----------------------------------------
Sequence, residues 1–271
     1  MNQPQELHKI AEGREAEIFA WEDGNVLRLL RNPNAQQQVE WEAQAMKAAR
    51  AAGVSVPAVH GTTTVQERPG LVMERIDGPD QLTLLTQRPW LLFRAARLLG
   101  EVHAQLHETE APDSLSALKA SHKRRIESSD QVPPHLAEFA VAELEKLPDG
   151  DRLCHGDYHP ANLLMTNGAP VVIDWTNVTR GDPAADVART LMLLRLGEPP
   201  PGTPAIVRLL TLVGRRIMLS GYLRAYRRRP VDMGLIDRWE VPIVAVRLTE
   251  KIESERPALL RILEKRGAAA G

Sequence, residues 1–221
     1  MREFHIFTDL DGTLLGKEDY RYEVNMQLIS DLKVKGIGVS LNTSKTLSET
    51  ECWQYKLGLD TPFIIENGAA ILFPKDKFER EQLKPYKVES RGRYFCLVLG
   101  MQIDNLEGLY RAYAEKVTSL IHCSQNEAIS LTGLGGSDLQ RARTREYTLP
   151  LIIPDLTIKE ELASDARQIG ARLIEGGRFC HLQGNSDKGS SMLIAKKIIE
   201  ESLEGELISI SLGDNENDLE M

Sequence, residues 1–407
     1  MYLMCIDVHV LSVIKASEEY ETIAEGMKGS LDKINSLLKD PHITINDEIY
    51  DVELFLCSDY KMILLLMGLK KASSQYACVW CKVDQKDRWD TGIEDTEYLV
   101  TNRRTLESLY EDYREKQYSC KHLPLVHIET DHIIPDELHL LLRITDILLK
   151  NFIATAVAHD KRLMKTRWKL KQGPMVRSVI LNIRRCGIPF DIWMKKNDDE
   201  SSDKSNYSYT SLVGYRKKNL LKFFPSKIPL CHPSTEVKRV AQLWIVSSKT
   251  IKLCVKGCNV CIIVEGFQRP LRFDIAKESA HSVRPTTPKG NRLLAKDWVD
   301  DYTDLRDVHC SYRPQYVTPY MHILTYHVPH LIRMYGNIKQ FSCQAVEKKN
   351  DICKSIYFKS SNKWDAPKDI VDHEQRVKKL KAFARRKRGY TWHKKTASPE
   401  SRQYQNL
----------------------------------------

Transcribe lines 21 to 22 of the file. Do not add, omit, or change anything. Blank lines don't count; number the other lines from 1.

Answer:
   301  DYTDLRDVHC SYRPQYVTPY MHILTYHVPH LIRMYGNIKQ FSCQAVEKKN
   351  DICKSIYFKS SNKWDAPKDI VDHEQRVKKL KAFARRKRGY TWHKKTASPE